Articles | Volume 11, issue 1
https://doi.org/10.5194/tc-11-517-2017
https://doi.org/10.5194/tc-11-517-2017
Research article
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16 Feb 2017
Research article | Highlight paper |  | 16 Feb 2017

How much can we save? Impact of different emission scenarios on future snow cover in the Alps

Christoph Marty, Sebastian Schlögl, Mathias Bavay, and Michael Lehning

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Cited articles

Abegg, B., Agrawala, S., Crick, F., and de Montfalcon, A.: Climate change impacts and adaptation in winter tourism, in: Climate Change in the European Alps, edited by: Agrawala, S., OECD, Paris, France, 25–60, 2007.
Bartolini, E., Claps, P., and D'Odorico, P.: Interannual variability of winter precipitation in the European Alps: relations with the North Atlantic Oscillation., Hydrol. Earth Syst. Sci., 13, 17–25, https://doi.org/10.5194/hess-13-17-2009, 2009.
Bavay, M. and Egger, T.: MeteoIO 2.4.2: a preprocessing library for meteorological data, Geosci. Model Dev., 7, 3135–3151, https://doi.org/10.5194/gmd-7-3135-2014, 2014.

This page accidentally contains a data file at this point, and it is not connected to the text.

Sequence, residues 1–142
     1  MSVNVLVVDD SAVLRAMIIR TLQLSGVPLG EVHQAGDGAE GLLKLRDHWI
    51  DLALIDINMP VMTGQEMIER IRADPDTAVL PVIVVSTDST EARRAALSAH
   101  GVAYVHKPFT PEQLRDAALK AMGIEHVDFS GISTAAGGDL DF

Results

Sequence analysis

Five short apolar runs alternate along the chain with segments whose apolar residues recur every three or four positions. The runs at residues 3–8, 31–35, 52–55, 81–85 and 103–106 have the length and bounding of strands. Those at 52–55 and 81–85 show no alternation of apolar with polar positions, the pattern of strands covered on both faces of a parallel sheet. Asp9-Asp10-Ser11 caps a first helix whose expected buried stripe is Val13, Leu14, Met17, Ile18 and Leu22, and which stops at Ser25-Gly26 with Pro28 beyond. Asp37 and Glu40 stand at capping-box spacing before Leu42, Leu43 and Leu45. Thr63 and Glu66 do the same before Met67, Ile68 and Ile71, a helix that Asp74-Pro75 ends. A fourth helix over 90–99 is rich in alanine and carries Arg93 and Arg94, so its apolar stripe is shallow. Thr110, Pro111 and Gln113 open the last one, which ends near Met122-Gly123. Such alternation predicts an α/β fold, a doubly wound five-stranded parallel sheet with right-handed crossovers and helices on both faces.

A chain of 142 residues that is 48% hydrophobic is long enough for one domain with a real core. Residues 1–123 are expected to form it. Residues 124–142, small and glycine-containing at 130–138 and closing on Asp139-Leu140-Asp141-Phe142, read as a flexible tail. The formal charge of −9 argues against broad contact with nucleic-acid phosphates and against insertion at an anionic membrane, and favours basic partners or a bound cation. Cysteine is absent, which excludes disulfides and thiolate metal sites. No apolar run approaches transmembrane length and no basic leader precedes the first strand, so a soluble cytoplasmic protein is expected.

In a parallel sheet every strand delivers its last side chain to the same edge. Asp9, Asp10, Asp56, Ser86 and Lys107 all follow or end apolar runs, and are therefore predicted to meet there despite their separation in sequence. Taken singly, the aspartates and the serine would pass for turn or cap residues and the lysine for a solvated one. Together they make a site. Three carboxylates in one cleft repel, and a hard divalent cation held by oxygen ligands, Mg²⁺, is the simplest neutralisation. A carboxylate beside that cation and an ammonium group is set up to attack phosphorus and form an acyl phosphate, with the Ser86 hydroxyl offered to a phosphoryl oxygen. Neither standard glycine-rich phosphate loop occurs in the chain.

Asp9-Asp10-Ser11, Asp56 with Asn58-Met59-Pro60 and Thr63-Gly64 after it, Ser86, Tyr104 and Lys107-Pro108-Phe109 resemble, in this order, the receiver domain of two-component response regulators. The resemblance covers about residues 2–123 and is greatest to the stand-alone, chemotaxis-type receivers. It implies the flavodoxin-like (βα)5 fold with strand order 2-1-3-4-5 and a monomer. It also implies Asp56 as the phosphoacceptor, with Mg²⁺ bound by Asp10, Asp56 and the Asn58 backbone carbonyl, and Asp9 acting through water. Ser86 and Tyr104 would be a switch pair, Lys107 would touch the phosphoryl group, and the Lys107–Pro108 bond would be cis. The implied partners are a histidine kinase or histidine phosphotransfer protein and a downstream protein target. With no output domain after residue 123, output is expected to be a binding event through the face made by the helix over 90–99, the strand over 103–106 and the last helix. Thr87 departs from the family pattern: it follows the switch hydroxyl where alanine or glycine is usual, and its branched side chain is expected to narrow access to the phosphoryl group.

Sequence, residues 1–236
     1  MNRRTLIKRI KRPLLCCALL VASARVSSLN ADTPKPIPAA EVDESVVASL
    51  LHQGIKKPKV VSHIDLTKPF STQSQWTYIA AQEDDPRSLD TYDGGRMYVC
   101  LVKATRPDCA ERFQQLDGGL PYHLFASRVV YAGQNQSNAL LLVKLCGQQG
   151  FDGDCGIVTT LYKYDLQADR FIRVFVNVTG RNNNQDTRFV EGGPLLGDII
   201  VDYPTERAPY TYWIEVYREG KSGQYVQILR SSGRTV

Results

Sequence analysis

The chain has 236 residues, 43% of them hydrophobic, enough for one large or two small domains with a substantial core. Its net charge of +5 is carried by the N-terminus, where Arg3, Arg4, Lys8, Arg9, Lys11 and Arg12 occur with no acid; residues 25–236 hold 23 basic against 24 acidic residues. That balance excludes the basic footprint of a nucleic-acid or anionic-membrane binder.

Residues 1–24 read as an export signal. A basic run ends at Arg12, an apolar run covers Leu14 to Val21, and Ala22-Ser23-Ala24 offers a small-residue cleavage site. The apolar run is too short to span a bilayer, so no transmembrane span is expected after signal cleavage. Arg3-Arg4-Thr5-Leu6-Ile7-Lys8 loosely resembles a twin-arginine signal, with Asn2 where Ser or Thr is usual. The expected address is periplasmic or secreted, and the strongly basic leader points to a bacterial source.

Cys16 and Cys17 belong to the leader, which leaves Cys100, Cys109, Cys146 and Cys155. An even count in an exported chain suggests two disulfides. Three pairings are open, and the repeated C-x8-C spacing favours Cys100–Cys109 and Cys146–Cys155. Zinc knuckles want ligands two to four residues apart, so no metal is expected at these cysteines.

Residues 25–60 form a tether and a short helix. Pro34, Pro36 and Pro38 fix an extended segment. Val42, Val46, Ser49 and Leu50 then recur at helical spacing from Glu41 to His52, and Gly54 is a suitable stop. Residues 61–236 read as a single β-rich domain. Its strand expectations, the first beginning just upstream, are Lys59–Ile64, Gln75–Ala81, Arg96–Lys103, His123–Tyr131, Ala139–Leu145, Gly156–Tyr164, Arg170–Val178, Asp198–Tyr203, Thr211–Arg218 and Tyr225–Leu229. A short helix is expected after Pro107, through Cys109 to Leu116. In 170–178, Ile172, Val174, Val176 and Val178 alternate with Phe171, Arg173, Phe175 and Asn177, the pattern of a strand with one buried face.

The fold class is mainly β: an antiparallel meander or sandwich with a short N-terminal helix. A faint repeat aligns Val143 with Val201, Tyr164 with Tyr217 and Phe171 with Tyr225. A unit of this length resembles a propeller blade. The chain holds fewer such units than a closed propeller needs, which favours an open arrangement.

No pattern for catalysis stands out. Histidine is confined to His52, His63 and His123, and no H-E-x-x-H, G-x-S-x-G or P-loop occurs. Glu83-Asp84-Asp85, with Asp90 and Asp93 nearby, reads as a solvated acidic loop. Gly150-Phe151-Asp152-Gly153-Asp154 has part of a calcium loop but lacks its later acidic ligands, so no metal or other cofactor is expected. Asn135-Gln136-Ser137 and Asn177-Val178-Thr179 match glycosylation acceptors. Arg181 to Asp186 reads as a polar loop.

Bavay, M., Lehning, M., Jonas, T., and Löwe, H.: Simulations of future snow cover and discharge in Alpine headwater catchments, Hydrol. Process., 23, 95–108, https://doi.org/10.1002/hyp.7195, 2009.
Bavay, M., Grünewald, T., and Lehning, M.: Response of snow cover and runoff to climate change in high Alpine catchments of Eastern Switzerland, Adv. Water Resour., 55, 4–16, 2013.
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Short summary
We simulate the future snow cover in the Alps with the help of a snow model, which is fed by projected temperature and precipitation changes from a large set of climate models. The results demonstrate that snow below 1000 m is probably a rare guest at the end of the century. Moreover, even above 3000 m the simulations show a drastic decrease in snow depth. However, the results reveal that the projected snow cover reduction can be mitigated by 50 % if we manage to keep global warming below 2°.